The Materials Research Department (MRD) and the University of South Africa (UNISA), under the framework of the UNISA-UNESCO chair, hosted the Inaugural NANOSMAT-AFRICA conference at the Lord Charles Hotel in Somerset West during 19 – 23 November 2018. Amongst those who presented plenary talks are the Nobel Laureate Prof J M Lehn, Prof CNR Rao, Prof Hanns-Ulrich Habermeier, Prof David Cahen, Prof Uzi Landman, Prof Alfred Msezane, Prof Pablo Esquinazi, Prof Norbert Kucerka, Prof Ron Naama, Prof AK Tyagi, Prof Suprakas Sinha Ray, Prof Federico Rosei, Prof Roberta Ramponi, Prof Mohamed Chaker and Prof Jean-Pierre Massue. The conference was attended by 247 participants from around the globe. There was 1 Nobel Laureate contribution by Prof J M Lehn, 10 plenary oral contributions, 26 invited oral contributions, 64 standard contributions, including junior and postdoctoral oral contributions and 103 poster contributions. There were 9 awards presented during the gala dinner. Five of the awards were from Springer Nature for Women in Science and four from the Nanosmat Society in the UK. Miss Siphokazi Panya Panya, a DST-NRF Innovation Scholarship PhD student based at the MRD, was awarded the “Springer-Nature Award” for outstanding research work presented at the conference. This was the first time a prize of this nature was presented at a conference and it included a trophy, a certificate of recognition and also an access to Nanoscience prestigious database for a period of one year. The full title of Miss Panya Panya’s presentation is: Laser Induced Breakdown Spectroscopy (LIBS) on Geological Samples: Hardness Differentiation. Mrs Touria Khamliche won the prize of the best poster in the PhD category. The title of her poster presentation is: Thermal Conductivity Enhancement in Laser Liquid Solid Interaction Fabricated Cu Nanoparticles Ethylene Glycol Based Nanofluids.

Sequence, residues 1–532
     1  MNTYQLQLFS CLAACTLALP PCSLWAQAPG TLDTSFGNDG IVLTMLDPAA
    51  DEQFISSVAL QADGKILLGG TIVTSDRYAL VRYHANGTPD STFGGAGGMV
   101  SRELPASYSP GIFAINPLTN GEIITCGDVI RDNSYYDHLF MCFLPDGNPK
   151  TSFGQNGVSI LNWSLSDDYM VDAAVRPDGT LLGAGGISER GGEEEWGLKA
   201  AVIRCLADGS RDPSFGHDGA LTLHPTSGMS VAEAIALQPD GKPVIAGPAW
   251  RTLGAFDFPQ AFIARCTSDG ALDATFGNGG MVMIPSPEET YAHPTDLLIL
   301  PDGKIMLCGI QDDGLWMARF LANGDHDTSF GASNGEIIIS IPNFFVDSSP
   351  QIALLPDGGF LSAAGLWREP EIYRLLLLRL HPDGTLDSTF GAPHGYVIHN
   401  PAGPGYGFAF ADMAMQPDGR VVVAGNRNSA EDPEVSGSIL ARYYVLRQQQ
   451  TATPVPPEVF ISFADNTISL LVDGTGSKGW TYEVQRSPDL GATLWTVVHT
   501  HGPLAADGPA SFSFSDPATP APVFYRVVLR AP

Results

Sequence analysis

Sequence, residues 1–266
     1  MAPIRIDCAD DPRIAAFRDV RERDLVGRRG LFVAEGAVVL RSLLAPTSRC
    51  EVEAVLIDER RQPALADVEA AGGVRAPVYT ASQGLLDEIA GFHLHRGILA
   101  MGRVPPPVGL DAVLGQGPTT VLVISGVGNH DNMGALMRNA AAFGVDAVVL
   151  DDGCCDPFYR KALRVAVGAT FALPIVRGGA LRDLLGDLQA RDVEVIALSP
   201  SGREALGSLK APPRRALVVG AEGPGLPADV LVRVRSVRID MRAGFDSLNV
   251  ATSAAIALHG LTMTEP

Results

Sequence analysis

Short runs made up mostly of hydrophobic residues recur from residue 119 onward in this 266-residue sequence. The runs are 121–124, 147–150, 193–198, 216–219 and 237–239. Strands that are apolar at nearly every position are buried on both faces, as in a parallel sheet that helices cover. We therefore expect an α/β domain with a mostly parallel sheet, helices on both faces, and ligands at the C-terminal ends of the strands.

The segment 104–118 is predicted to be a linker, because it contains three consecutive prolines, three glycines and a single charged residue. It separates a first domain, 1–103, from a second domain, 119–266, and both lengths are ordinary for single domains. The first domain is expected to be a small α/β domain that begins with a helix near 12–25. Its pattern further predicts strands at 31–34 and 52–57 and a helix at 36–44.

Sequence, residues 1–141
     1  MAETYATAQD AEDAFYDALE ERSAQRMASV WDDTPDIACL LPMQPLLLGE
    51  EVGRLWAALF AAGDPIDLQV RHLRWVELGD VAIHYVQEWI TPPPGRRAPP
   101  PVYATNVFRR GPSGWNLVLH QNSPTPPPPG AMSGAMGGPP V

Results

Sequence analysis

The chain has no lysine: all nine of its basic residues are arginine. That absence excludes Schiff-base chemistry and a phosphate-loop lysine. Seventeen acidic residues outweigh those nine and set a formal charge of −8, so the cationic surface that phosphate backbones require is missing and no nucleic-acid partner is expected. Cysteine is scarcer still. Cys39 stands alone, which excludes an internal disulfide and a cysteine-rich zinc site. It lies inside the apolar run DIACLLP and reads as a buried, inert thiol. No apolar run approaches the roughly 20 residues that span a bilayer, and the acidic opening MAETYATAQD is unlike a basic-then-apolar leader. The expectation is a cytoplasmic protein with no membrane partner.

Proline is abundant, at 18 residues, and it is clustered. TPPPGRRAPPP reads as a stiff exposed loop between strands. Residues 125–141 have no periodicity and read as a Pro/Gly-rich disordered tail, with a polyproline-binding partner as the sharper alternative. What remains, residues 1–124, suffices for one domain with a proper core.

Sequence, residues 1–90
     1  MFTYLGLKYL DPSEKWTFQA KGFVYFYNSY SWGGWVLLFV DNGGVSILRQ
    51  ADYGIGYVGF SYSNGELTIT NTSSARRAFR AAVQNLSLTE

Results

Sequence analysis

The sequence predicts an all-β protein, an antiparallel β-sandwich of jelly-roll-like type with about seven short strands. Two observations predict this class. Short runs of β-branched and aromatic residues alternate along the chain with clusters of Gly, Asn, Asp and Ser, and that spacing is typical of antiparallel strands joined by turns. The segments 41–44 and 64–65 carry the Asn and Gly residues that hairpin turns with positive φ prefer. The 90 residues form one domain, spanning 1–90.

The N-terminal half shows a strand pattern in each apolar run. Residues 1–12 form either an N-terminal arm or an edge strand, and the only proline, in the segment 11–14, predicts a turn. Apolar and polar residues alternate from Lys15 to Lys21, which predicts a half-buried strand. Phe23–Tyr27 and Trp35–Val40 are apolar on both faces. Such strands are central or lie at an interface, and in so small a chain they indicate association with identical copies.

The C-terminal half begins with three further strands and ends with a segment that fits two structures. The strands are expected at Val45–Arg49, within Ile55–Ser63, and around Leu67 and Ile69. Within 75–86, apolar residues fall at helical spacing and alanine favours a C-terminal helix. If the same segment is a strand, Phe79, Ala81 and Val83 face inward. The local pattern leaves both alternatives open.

On 7 December 2018, the award ceremony for the L’Oréal Foundation for Women in Science in Sub-Saharan Africa took place in Nairobi, Kenya. This program aims to support and reward talented young African female scientists in the field of Life Sciences and Physical Sciences. Harshna Jivan a Wits PhD student working in the K600 group, was honoured among 14 talented African women for the quality of her research. She studies the influence of nuclear deformation on the Pygmy Dipole Resonance in Samarium Isotopes, for which an experiment was performed at iThemba LABS using the K600+BaGeL setup in October 2016.